90% of Americans would take a pay cut for a more meaningful job

Harvard Business Review recently published a report showing how Americans prioritize meaning in the workplace.

  • The report reveals how Americans increasingly regard meaningfulness as a critical component of jobs.
  • Employees who find their jobs meaningful seem to work harder and stay with organizations longer, the survey shows.
  • The authors list several ways employers can cultivate meaning in the workplace.

How much of your lifetime earnings would you sacrifice to work a job you find always meaningful? The answer is 23 percent, assuming you're like the 2,000 workers who were surveyed in a recent report from Harvard Business Review.

It's a steep number, no doubt, but it's not exactly surprising in light of data showing how American workers have, over the past decade, been increasingly expressing a desire for more meaningful work. The new report, authored by Shawn Achor, Andrew Reece, Gabriella Rosen Kellerman and Alexi Robichaux, builds upon past research on workplace attitudes in an attempt to quantify the changing ways in which Americans prioritize meaning in their careers.

Surveying 2,285 American professionals across 26 industries and a variety of pay levels, the report showed:

  • More than 9 out of 10 employees were willing to trade a percentage of their lifetime earnings for greater meaning at work.
  • Only 1 in 20 respondents said their job provided the most meaningful work they could imagine having.
  • On average, the respondents said their jobs were about half as meaningful as they could be.
  • People in service-oriented professions, such as medicine, education and social work, reported higher levels of workplace meaning than did administrative support and transportation workers.

The employer's perspective

The authors of the new report suggest that employers who provide meaningful jobs to employees will see bottom-line benefits.

"...employees who find work meaningful experience significantly greater job satisfaction, which is known to correlate with increased productivity," they wrote. "Based on established job satisfaction-to-productivity ratios, we estimate that highly meaningful work will generate an additional $9,078 per worker, per year."

The report also showed that employees who work meaningful jobs also seem to work harder and stay with organizations longer:

  • Employees with "highly meaningful" jobs were 69% less likely to plan on quitting their jobs within the next 6 months, and also had longer job tenures.
  • Employees with very meaningful work spend one additional hour per week working, and take two fewer days of paid leave per year.

The authors suggested that employers can cultivate more meaning by strengthening social networks in the workplace, making every worker a knowledge worker, and connecting workers who find their jobs meaningful to other employees.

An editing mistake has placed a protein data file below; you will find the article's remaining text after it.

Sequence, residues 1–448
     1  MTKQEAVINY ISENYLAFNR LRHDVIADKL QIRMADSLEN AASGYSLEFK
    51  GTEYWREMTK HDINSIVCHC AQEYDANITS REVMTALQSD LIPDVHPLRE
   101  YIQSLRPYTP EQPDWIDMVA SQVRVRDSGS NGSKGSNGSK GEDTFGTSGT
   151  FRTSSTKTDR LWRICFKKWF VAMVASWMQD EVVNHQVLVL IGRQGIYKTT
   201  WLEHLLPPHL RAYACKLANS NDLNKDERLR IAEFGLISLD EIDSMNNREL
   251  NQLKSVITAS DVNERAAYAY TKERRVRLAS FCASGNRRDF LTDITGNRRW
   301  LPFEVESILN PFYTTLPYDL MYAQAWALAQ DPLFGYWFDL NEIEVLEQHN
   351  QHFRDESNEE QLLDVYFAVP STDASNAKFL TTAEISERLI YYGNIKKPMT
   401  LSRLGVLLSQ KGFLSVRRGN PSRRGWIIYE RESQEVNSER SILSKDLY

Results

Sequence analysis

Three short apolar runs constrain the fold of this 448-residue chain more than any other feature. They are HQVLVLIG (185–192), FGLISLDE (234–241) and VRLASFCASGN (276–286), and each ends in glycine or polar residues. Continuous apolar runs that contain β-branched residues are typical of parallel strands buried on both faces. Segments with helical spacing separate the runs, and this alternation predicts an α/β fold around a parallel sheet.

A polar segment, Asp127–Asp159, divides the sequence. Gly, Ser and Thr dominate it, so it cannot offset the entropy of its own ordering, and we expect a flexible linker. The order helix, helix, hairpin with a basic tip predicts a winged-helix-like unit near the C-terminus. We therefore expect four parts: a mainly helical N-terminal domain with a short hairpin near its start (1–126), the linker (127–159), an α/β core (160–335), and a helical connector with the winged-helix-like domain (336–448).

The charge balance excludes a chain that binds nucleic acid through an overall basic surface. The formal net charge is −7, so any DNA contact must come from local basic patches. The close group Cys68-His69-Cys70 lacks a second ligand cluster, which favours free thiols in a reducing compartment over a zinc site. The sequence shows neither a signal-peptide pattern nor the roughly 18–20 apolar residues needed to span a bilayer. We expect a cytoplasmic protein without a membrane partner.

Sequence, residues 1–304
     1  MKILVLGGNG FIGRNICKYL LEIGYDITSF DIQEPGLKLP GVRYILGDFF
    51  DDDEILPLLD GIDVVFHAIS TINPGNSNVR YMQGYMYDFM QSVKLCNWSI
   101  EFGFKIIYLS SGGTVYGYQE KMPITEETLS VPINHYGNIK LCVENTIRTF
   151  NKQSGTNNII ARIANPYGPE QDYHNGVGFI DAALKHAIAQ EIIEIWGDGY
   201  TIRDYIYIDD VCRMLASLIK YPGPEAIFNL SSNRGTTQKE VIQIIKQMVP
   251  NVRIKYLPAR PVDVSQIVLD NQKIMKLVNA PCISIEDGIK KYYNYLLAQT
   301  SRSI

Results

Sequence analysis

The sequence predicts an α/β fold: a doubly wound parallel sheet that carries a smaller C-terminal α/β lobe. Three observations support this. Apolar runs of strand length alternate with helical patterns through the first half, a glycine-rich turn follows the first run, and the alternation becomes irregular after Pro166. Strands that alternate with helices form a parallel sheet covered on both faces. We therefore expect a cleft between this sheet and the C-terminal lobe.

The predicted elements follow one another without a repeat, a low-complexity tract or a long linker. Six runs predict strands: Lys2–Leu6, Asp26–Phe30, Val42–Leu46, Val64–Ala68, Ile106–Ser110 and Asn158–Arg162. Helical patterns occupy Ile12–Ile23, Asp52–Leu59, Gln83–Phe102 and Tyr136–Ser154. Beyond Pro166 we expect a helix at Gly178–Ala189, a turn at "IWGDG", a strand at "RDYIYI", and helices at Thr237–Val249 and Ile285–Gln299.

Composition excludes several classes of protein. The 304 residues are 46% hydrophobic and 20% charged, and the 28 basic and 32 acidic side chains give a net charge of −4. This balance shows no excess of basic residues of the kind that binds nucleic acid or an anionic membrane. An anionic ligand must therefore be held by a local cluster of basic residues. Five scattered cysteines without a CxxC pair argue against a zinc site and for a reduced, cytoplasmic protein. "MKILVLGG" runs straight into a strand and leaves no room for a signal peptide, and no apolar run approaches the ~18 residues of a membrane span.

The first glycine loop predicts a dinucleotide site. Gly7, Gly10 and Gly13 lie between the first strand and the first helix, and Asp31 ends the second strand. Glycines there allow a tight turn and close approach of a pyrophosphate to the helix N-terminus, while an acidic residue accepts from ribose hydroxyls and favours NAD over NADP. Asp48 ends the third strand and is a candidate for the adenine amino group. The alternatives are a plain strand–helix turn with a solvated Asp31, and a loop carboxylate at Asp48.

"Meaningful work only has upsides," the authors wrote. "Employees work harder and quit less, and they gravitate to supportive work cultures that help them grow. The value of meaning to both individual employees, and to organizations, stands waiting, ready to be captured by organizations prepared to act."

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Scientists study tattooed corpses, find pigment in lymph nodes

It turns out, that tattoo ink can travel throughout your body and settle in lymph nodes.

17th August 1973: An American tattoo artist working on a client's shoulder. (Photo by F. Roy Kemp/BIPs/Getty Images)
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In the slightly macabre experiment to find out where tattoo ink travels to in the body, French and German researchers recently used synchrotron X-ray fluorescence in four "inked" human cadavers — as well as one without. The results of their 2017 study? Some of the tattoo ink apparently settled in lymph nodes.


Image from the study.

As the authors explain in the study — they hail from Ludwig Maximilian University of Munich, the European Synchrotron Radiation Facility, and the German Federal Institute for Risk Assessment — it would have been unethical to test this on live animals since those creatures would not be able to give permission to be tattooed.

Because of the prevalence of tattoos these days, the researchers wanted to find out if the ink could be harmful in some way.

"The increasing prevalence of tattoos provoked safety concerns with respect to particle distribution and effects inside the human body," they write.

It works like this: Since lymph nodes filter lymph, which is the fluid that carries white blood cells throughout the body in an effort to fight infections that are encountered, that is where some of the ink particles collect.

Image by authors of the study.

Titanium dioxide appears to be the thing that travels. It's a white tattoo ink pigment that's mixed with other colors all the time to control shades.

The study's authors will keep working on this in the meantime.

“In future experiments we will also look into the pigment and heavy metal burden of other, more distant internal organs and tissues in order to track any possible bio-distribution of tattoo ink ingredients throughout the body. The outcome of these investigations not only will be helpful in the assessment of the health risks associated with tattooing but also in the judgment of other exposures such as, e.g., the entrance of TiO2 nanoparticles present in cosmetics at the site of damaged skin."

Photo by Alina Grubnyak on Unsplash
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